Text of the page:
“U.S. wealth concentration seems to have returned to levels last seen during the Roaring Twenties” – Gabriel Zucman, economics professor at the University of California, Berkeley.
Now that Americans have filed their taxes, many have noticed that they received a smaller amount than expected, given the tax plan Congress recently approved. In fact, people and households earning over $1 million per year, received a cumulative total of $17.4 billion and can expect to save another $30 billion by 2024, because of the “pass-through” tax deduction. Wow, that’s a lot of money for already wealthy people!
The wealthy own the lion’s share of assets like stocks and bonds, which the Federal Reserve has inflated since the Great Recession. For this reason, the rich were the biggest beneficiaries from the ‘burst’ of the housing bubble, and the poor and middle class are still struggling to regain the ground they lost in 2008.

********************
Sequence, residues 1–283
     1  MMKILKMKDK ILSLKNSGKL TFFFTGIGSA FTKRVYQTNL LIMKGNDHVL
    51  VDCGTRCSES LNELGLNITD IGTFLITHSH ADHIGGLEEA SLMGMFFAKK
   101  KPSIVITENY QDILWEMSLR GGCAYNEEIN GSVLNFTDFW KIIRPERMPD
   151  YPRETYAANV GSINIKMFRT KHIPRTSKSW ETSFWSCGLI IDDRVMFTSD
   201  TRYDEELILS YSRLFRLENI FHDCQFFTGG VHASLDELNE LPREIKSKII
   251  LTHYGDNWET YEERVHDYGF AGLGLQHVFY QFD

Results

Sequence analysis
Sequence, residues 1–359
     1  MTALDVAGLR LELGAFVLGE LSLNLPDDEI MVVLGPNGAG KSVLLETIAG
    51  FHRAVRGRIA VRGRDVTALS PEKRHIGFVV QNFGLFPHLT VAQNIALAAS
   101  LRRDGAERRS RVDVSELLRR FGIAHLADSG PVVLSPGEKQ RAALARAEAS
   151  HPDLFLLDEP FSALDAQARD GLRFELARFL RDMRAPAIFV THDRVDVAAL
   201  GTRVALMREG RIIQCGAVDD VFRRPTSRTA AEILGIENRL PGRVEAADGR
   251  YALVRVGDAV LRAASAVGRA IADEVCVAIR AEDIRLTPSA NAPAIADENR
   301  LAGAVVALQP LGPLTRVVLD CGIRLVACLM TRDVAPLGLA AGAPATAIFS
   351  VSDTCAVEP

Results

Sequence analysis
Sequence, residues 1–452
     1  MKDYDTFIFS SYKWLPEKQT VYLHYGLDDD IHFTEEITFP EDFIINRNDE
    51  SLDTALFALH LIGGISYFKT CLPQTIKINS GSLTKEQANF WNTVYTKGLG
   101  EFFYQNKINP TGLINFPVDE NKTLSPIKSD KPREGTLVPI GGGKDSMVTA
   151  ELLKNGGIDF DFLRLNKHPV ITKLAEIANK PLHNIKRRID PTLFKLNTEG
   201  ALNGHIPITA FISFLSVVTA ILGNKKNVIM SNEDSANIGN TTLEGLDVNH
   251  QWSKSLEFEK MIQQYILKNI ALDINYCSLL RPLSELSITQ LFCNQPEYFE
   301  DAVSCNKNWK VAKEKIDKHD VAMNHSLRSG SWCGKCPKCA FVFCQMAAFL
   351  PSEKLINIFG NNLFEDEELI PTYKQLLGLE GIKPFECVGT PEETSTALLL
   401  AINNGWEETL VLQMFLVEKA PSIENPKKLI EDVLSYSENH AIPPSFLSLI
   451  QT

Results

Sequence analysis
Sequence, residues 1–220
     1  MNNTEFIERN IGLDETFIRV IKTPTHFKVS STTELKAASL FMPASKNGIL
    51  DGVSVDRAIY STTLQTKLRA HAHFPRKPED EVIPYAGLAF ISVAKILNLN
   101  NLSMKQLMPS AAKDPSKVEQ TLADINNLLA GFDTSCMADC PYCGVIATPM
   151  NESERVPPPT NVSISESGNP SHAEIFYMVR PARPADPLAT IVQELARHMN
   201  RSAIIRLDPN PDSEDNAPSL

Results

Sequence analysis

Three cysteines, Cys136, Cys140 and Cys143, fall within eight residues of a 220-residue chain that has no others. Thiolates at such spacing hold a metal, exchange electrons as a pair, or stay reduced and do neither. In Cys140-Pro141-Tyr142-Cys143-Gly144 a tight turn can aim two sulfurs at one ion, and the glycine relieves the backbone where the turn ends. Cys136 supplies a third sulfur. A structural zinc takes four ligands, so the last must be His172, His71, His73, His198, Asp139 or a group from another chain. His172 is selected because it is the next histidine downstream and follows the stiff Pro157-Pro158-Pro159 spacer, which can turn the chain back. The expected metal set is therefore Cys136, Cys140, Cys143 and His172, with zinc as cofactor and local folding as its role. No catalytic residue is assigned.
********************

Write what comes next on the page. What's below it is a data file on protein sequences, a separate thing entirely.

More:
Since the tax cuts have gone into effect, almost $700 billion has been returned to investors, while wages for the American worker continue to drop. It’s easy to see that company shareholders won from passing the new tax plan. Workers and consumers are left out of the record breaking corporate race to buyback stock. Buybacks temporarily boost executive pay, since they tend to be paid in company stock. In addition to buybacks, dividends have skyrocketed, which puts even more money into the pockets of already wealthy individuals, typically at the expense of average company workers.
One major difference between the 1920s America and 2020 America, is that we now have Regulation Crowdfunding which opens the door for everyday people to invest and receive equity.
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